The water circulates in the same direction as the axis. In addition to being able to regulate the inclination of the baffles, the rotor vanes can also be adjusted, so that the turbine adapts to the power needs of each moment. It is used in renewable energy facilities of hydraulic type for small jumps and large flows, such as those of reservoirs.

Propeller turbine

Like all hydraulic turbines the turbine propeller consists of a steering wheel with guide vanes and a rotor. Depending on the flow, the helical turbine can be made with simple adjustment (adjustment of guide vanes) or double (adjustment of guide vanes and speed of rotation of the rotor).

The guide vanes adjust the volume of flow that enters the rotor. At the same time they change the flow direction so that the rotor enters the torsion itself so the rotor rotates.

The rotor of a turbine propeller has 3-5 blades connected fixed to the rotor shaft. According to the theory of flow of a vane there is an ideal flow for the ideal efficiency of a vane. As the flow and height of fall of the water entering the turbine is not constant, the rotor blades must be adjusted to the actual flow. The actual flow is characterized by pressure (potential energy) and velocity (kinetic energy) that vary according to the volume of the river, the times or the regulation of dams river abajao. To maximize the efficiency of the turbine, the rotation rotation of the rotor is adapted to the characteristic of the flow. This principle requires a synchronous generator and a current conversion to adjust it for the supply of the network.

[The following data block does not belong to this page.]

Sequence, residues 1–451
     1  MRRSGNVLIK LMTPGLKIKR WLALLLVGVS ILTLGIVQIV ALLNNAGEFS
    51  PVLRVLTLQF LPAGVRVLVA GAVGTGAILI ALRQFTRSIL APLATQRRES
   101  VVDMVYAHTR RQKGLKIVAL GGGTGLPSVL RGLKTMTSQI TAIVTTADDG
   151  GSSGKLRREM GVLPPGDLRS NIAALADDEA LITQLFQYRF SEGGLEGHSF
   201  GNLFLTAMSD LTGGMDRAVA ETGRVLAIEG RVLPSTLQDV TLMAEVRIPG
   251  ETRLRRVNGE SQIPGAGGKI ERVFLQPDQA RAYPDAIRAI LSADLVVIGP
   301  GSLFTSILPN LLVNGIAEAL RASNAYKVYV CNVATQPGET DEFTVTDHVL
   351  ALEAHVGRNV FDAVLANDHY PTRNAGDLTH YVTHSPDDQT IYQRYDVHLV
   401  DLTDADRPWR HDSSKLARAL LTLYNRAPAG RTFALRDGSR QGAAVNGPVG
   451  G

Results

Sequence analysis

On the contrary, the regulation principle of a Kaplan turbine is the adjustment of the rotor blades (mechanical regulation).

From the efficiency point the turbine propeller can be compared to a Kaplan turbine. In addition, the electronic regulation of a turbine propeller (regulation of rotor speed) allows to achieve points of operation with little water that can not be achieved with a Kaplan turbine. That's because the Kaplan turbine operates with constant speed and when there is not enough water you can not maintain the high speed of rotation. The turbine propeller still supplies with low speed of rotation.

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Last review: October 25, 2018